A major challenge with development of vaccines is the “moving target”, i.e. the pathogen you want to make a vaccine against, can change over time. Influenza, COVID-19, and HIV are examples of diseases where mutations in the genome of the pathogen, allows them to evade the immune responses induced in the vaccinated individuals. Such mutations may reduce the efficiency of existing vaccines. Our research group searches to understand molecular and cellular mechanisms of the immune system. We want to explore how vaccination can train the immune system to cope with mutating pathogens. Vaccines that focus immune responses towards parts of pathogens that do not mutate as often may better protect against these pathogens over time. We use a vaccine platform, an antigen presenting cell (APC)-targeting DNA vaccine, to study various mechanisms for better immune focusing strategies to induce broadly neutralizing antibodies and T cell responses.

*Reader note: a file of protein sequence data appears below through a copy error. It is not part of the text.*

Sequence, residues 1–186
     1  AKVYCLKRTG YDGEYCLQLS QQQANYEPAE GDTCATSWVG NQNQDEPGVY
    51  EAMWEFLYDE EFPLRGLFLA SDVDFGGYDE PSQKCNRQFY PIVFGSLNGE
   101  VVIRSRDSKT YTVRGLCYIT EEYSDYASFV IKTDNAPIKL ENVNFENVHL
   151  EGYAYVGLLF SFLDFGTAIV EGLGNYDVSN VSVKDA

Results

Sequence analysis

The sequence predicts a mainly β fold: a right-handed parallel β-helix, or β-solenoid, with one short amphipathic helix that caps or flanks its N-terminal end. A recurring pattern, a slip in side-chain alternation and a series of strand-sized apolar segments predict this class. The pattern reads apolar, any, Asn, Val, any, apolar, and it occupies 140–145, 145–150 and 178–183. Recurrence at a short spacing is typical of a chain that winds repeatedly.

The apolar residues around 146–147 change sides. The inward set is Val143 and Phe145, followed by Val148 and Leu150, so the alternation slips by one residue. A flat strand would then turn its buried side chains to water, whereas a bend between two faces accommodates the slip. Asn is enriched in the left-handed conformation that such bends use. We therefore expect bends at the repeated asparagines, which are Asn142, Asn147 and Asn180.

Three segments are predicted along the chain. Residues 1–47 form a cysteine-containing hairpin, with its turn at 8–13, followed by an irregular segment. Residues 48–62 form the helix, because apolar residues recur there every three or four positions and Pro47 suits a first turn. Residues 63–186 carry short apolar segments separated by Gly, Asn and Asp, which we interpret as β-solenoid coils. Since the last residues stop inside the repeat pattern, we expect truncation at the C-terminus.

See also our homepage at OUS: https://www.ous-research.no/braathen